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Researchers link high blood pressure to cool indoor temps

By Allen Cone
Researchers link high blood pressure to cool indoor temps
Researchers found cool indoor temperatures have been tied to high blood pressure. Photo by Dennis Murphy/Wikimedia Commons

Aug. 23 (UPI) -- Cool indoor temperatures have been tied to high blood pressure, according to a new study.

Researchers at University College London studied low temperatures in homes and blood pressure. Their findings were published Tuesday in the Journal of Hypertension.

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"Among other diet and lifestyle changes people can make to reduce high blood pressure, our findings suggest that keeping homes a bit warmer could also be beneficial," senior author Dr. Stephen Jivraj of the UCL Institute of Epidemiology & Health Care, said in a press release.

For every one-third degree Fahrenheit decrease in indoor temperature, there was a rise of 0.48 mmHg in systolic blood pressure and 0.45 mmHg in diastolic blood pressure. Normal blood pressure is less than 120/80 mmHg, according to guidelines from the American College of Radiology and the American Heart Association. Systolic pressure -- the first number -- measures the force of the heart's contraction, and diastolic pressure is the resistance in the blood vessels.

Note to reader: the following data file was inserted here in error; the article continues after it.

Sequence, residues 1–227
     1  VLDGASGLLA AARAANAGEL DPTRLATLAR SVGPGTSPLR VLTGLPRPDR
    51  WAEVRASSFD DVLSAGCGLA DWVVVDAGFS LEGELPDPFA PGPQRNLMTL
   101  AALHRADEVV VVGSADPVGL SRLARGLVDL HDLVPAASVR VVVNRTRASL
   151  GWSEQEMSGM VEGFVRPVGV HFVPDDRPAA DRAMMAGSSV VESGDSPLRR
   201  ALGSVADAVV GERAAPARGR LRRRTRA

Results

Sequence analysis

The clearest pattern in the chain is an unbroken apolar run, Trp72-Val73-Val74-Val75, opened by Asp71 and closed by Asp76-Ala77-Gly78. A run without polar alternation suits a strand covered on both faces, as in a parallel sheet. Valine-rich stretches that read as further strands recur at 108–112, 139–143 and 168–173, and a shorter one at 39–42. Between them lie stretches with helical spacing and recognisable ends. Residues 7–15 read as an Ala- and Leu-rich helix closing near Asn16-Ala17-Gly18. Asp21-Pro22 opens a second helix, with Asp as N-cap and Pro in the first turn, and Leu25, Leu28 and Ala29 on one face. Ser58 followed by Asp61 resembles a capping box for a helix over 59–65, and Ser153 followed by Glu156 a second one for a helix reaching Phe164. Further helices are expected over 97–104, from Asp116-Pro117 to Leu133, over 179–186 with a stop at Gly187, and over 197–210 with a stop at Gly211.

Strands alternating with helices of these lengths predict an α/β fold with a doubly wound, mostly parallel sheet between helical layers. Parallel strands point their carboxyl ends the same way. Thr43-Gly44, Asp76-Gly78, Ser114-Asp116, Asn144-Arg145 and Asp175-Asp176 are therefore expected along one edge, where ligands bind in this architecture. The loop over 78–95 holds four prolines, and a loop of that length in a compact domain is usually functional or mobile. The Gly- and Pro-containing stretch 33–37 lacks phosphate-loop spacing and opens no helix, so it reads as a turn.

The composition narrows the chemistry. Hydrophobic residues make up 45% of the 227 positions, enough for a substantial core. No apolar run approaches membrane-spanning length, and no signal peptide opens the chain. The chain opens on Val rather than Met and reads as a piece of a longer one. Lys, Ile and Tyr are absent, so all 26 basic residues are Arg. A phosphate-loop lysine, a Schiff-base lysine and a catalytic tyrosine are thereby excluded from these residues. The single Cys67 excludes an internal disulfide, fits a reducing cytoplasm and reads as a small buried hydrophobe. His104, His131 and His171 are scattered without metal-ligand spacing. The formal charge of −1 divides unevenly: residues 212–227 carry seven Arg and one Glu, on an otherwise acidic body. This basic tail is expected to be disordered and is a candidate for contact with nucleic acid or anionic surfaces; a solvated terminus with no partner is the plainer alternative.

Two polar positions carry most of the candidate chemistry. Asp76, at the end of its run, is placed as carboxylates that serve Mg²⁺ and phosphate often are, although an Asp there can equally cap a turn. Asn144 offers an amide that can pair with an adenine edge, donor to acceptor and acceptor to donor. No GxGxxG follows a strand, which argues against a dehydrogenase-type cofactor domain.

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"Our research has helped to explain the higher rates of hypertension, as well as potential increases in deaths from stroke and heart disease, in the winter months, suggesting indoor temperatures should be taken more seriously in diagnosis and treatment decisions, and in public health messages," Jivraj said.

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Researchers analyzed data on people 16 and older that participated in the Health Survey for England in 2014. Nurses visited 4,659 participants in their homes, including taking their blood pressure and checking indoor temperature readings in their living rooms.

The researchers accounted for social deprivation and outdoor temperature to identify an independent association with indoor temperature.

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The average systolic was 126.64 mmHg and diastolic blood pressure 74.52 mmHg compared with 121.12 mmHg and 70.51 mmHg in the warmest homes.

The effect of indoor temperature on blood pressure was stronger among people who don't exercise regularly.

"We would suggest that clinicians take indoor temperature into consideration, as it could affect a diagnosis if someone has borderline hypertension, and people with cooler homes may also need higher doses of medications," said co-author Hongde Zhao, a researcher at the institute.

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The researchers noted the need to adequately heat homes during the winter months. They said their advisable temperature is 69.8 Fahrenheit.

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